D’Nealian Handwriting

Have you heard of D’Nealian handwriting? You might be asking, “What is D’Nealian handwriting?”  D’Nealian handwriting is an italic form of printing. It makes the transition to cursive much easier but could stand on its own for those who are choosing not to teach cursive.  It looks really nice too.

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This D’nealian write-on, wipe-off board makes learning D’nealian fun.

My kids are both college graduates now, so it’s been a while since they were learning to print. The subject of learning to print first vs. learning cursive first came up in a web conversation with some homeschool moms recently.

Many of the moms were saying that in some schools, they aren’t even teaching cursive any longer.  I threw my two cents in and suggested they consider D’Nealian first.

We homeschooled for several years, but my son began kindergarten, in a small school. They taught D’Nealian at that school, and I simply loved it.  That’s my son in the picture, many years ago.  He was in kindergarten, and wrote the thank you note by himself. 

While he didn’t quite have capitalization and punctuation skills perfected yet, didn’t his handwriting look nice?!)

By the time my daughter was in first grade, we were homeschooling, so I taught her D’Nealian too. Her transition to cursive was a breeze. (It’s basically just a matter of joining the letters to transition from D’Nealian to cursive.)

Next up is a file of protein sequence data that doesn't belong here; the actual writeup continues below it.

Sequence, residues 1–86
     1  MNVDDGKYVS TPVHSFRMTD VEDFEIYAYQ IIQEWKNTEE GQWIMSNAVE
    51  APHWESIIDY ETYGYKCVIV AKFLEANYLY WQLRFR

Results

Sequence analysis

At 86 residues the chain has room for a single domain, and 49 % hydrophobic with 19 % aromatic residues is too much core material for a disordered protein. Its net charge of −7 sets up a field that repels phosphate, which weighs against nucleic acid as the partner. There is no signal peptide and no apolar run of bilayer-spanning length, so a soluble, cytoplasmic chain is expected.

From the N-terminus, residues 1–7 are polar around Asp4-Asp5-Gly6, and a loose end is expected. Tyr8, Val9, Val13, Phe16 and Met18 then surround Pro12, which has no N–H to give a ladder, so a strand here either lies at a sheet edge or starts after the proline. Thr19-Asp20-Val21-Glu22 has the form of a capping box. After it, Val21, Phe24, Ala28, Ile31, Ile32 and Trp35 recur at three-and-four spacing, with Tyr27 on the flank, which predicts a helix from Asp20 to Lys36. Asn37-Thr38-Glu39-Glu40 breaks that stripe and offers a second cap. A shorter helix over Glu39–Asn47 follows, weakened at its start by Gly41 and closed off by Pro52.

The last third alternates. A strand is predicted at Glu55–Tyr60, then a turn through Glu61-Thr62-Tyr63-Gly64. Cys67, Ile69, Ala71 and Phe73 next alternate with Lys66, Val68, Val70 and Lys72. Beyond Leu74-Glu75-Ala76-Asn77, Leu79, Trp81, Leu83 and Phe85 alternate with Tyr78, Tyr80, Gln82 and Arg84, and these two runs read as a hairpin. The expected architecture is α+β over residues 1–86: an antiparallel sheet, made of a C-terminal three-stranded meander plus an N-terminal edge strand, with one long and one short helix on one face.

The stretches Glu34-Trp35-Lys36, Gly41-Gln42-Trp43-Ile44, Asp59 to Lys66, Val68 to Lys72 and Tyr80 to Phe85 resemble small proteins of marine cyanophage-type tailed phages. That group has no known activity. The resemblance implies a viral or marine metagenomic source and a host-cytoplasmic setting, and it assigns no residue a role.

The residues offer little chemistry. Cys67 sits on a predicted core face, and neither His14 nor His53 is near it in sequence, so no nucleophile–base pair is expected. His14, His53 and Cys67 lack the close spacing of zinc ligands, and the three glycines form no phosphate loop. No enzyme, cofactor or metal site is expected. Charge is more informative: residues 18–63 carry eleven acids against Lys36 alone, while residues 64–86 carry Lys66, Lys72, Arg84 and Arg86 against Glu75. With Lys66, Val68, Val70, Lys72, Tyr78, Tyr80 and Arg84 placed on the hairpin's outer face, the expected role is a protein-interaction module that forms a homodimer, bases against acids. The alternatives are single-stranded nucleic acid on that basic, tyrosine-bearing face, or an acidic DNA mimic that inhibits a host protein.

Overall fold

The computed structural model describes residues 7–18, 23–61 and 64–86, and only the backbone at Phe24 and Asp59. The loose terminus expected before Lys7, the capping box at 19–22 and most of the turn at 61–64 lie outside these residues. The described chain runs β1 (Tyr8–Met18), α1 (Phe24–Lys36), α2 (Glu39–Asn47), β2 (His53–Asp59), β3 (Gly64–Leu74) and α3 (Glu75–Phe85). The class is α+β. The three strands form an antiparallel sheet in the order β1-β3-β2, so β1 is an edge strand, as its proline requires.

I thought I would pass this D’Nealian suggestion on, as I have quite a few homeschool moms as readers.

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  1. I think the D'Nealian printing is beautiful. My kids all learned it, it was an easier transition to cursive. Interestingly, after learning handwriting, all my kids have reverted back to printing. And, with the emphasis on computer printed essays and homework assignments, Cursive really is going by the wayside.

    1. Yes, one of the comments was made that printing will be more necessary for filling out forms, etc. and that cursive won't be that necessary. I figure, with D'Nealian, at least the printing will be nice looking! Kind of sad that cursive is going by the wayside, though, isn't it? It's so flowing and pretty. (But then, I am a calligrapher, so I'm kind of drawn to pretty handwriting!)

    1. April, I wonder if it's becoming more common now or less common? To me, it seems esier to learn than traditional ball and stick printing.

  2. Never heard of that! I want to teach my daughter cursive but I think I may go with this first and then cursive later. Thanks for posting about this! Perfect timing! 🙂

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